In 2013/14 manufacturing accounted for around 10% of both the British workforce, and of fatalities. However, nearly one in five (18%) reported non-fatal injuries to employees were in manufacturing. There have been reductions in injury and ill health rates over the past decade. More recently, however, rates seem to be flattening out.
The latest results (2013/14) in manufacturing show:
- there were 14 fatal injuries to workers compared to an average of 26 in the previous five years – less than a quarter (23%) of the number 20 years ago (RIDDOR);
- there were 13 595 reported non-fatal injuries to employees and an estimated 74,000 cases of all self-reported injuries. (RIDDOR and LFS);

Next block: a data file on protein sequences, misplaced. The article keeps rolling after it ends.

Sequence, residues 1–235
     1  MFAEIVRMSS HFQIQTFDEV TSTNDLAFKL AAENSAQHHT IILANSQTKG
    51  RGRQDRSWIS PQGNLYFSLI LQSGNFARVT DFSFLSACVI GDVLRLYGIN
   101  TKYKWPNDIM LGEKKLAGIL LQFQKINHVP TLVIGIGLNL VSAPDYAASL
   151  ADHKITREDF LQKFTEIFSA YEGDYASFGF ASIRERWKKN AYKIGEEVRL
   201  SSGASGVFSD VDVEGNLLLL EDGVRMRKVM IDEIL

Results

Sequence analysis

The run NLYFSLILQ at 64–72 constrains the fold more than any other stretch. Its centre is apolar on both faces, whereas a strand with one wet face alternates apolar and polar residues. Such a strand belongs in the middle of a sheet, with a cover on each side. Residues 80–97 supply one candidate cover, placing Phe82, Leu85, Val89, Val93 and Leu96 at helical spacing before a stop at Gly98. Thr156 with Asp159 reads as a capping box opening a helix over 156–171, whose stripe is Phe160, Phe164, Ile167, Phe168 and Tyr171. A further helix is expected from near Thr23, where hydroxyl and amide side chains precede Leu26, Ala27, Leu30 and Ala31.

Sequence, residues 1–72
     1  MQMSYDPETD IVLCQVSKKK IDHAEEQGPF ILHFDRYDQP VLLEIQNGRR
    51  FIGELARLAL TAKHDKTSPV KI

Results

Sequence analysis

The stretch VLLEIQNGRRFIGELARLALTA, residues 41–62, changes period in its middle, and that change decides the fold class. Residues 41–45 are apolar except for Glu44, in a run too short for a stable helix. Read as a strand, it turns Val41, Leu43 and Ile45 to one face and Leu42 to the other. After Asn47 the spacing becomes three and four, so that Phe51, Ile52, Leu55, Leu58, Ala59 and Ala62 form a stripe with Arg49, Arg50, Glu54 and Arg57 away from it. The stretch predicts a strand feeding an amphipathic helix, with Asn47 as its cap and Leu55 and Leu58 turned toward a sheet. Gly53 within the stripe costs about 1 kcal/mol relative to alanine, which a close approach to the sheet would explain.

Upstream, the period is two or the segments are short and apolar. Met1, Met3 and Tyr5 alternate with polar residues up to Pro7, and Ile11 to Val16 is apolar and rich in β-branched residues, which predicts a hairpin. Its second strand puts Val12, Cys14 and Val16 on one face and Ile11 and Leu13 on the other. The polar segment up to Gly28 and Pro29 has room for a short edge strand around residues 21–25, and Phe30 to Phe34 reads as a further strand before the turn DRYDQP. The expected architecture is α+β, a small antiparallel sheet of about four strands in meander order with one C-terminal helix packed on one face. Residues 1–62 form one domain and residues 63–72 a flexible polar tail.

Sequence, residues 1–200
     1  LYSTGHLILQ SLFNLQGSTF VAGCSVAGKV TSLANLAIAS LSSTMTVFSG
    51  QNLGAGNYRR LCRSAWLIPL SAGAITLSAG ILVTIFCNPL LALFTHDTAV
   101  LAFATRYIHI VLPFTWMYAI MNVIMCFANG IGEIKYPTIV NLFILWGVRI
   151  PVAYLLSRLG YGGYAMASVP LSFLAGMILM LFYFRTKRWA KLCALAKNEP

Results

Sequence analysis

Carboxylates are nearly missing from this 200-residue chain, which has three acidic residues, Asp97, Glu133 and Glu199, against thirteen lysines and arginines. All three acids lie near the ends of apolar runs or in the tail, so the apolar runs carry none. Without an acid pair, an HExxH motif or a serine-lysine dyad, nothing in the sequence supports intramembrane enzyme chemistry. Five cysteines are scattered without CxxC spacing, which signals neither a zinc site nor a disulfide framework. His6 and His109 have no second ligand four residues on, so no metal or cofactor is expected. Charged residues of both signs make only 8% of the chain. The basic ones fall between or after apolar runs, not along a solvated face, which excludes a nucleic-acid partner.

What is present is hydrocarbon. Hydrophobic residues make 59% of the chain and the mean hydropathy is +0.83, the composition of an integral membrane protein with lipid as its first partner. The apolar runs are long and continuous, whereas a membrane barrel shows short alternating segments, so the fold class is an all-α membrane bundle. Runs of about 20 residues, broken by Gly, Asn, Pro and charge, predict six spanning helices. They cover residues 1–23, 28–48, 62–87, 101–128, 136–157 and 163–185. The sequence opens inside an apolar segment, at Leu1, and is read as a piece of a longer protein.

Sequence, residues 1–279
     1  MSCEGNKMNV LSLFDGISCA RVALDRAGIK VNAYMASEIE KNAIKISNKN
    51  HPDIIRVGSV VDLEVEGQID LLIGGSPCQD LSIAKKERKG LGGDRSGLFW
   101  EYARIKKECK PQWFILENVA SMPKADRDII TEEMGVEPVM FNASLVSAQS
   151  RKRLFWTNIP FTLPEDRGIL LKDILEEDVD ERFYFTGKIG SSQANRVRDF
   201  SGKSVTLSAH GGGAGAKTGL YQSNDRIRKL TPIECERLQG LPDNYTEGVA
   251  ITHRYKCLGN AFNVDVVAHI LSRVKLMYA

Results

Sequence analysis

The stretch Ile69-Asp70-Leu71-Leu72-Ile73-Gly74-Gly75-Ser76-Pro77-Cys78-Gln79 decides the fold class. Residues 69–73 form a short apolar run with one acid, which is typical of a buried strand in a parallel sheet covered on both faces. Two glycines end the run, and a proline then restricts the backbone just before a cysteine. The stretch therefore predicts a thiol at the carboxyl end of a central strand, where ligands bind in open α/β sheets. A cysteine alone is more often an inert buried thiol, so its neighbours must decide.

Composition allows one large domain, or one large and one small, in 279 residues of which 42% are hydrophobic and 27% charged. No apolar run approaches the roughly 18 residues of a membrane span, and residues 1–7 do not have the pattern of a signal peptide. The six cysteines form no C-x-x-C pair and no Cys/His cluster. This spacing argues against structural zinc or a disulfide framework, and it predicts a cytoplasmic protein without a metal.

- about 14% of reported major/specified injuries and 11% of over-seven-day injuries involved contact with moving machinery (RIDDOR);
- food manufacture had the highest number of major/specified injuries, with a rate of reported injury more than twice that of manufacturing as a whole (RIDDOR);
- about two thousand occupational cancer deaths each year resulted from past exposures in the manufacturing sector (Cancer Burden Study, 2010);
- an estimated 3.7 million working days were lost, 2.6 million due to ill health and 1.1 million due to injury, making a total of 1.4 days lost per worker (LFS).
Numbers of fatal injuries to employees (RIDDOR) 1974 to 2013/14